Looting Hawaiian Gardens
Casino May Be Funded Illegally
by Joe Segura, Staff Writer
Originally published 07 July 2000
in Long Beach Press-Telegram

Hawaiian Gardens - The Hawaiian Gardens Casino was apparently financed illegally with public redevelopment money and its owner should return $12 million to the city, according to a state review released Thursday.

The review, by the Joint Legislative Audio Committee, urges the city and its Redevelopment Agency to stop all pending business with the casino and calls on the state Attorney General to consider helping the city recover the money it spent supporting the casino's development over the past 17 years.

"A city that embarked on an economic revitalization effort almost 20 years ago has little to show for its efforts save for an inappropriate gaming establishment, approximately $12 million in expenditures of public funds, and financial dependence on the goodwill of one owner/developer who is operating an illegally-subsidized gaming operation," the review states.

"It's a real example of how redevelopment should not have been used," said Assemblyman Scott Wildman, chairman of the Joint Legislative Audit Committee, adding that a copy of the report has been turned over to state Attorney General Bill Lockyer.

Hawaiian Gardens City Administrator Anthony Lopez declined comment Thursday, saying he had not read the bulky report.

However, Beryl Weiner, attorney for casino owner Irving Moskowitz, disputed the report's conclusions, saying "The report is sheer garbage. It should be thrown into the trash."

The casino generates several million dollars annually in tax revenues for the tiny city, its largest single source, and city officials have been eager over the years to support the casino's growth.

Redevelopment money funded in part the casino's recent expansion; another expansion is awaiting a state license.

Among the varied financial deals, the city last fall agreed to borrow $4 million from Moskowitz to pay for improvements on and off the card club property at 11971 Carson St.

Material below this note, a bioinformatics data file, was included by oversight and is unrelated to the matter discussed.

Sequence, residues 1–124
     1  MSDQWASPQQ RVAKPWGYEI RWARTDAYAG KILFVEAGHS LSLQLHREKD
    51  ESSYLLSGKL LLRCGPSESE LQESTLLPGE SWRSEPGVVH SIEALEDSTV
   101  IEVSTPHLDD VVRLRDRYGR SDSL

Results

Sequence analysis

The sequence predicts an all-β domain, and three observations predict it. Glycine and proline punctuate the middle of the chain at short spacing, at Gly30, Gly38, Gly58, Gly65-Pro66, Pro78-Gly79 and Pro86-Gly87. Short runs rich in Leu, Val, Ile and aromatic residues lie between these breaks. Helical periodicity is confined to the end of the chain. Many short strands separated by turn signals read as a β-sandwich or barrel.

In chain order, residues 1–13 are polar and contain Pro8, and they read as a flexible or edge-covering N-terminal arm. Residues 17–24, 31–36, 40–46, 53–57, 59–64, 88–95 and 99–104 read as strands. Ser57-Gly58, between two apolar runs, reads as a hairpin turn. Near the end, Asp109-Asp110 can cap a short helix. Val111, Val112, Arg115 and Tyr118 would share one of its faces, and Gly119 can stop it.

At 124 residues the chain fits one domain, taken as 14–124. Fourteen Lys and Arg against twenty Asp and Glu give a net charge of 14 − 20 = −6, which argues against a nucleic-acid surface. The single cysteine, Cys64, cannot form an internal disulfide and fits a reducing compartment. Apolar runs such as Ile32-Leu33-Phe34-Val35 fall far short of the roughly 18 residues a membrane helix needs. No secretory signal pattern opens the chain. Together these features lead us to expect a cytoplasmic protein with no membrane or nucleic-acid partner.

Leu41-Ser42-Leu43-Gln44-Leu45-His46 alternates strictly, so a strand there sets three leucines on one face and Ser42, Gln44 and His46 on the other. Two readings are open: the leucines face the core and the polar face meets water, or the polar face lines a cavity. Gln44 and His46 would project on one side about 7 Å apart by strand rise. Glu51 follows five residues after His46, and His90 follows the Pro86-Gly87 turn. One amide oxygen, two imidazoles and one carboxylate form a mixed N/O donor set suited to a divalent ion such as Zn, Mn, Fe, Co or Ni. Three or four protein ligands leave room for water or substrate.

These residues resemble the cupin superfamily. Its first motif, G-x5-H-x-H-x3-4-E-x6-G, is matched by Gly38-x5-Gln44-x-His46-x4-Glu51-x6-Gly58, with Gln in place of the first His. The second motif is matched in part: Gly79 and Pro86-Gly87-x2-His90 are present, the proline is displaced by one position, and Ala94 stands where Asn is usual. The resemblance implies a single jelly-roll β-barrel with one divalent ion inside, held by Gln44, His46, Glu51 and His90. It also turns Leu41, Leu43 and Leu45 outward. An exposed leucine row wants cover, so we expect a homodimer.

Weiner said the report has not yet been reviewed by the full Joint Legislative Audit Committee, adding it has not had an opportunity to decide whether it merits being released. And he said the preliminary report contains no surprises.

Weiner said the report was based on inaccurate and incomplete information. He added that the Los Angeles County Superior Court has issued a judgement - in a lawsuit filed by card club opponents - the no violations of law have occurred.

"The Attorney General has been bombarded with this stuff for the past two years," Weiner said. "None of it is new."

Among the nearly three dozen findings in the legislative probe:

-The Redevelopment project is an "inappropriate use" of redevelopment funds because "it appears to violate" state law.

According to the review, state law prohibits the use of public finds to be used, directly or indirectly, on any aspect in developing or improving a gambling club. One exception allows for a contract to be entered into if the project existed by January 1, 1997. The casino opened in December 1997 with a six-table poker operation. Weiner said the casino complies with the law because Moskowitz had a development agreement that was amended in August 1995, when voters approved a card-club ordinance.

- The city and redevelopment agency have "failed to protect their scarce public dollars from being squandered on private interests."

Aside from recommending full recovery of the $12 million in public money, the report also recommends:

- The state Legislature should consider appointing a monitor or advisor to assist the city and redevelopment agency "in establishing independence and integrity."

- The Legislature should also reform the redevelopment laws to prevent "abuses and speculation."

- The city should postpone all significant pending decisions that make further commitments to Moskowitz until the state completes its investigation.

- Federal, state and local agencies also should look into the activities linked to the card club project.

- The city should find an "appropriate project" for the redevelopment site.

Rabbi Haim Dov Beliak, who leads a coalition of community activists opposed to the card club, said he's pleased with the findings. "This is absolutely an damning report," he added.

Copyright 2000, Long Beach Press-Telegram. For education and discussion only. Not for commercial use

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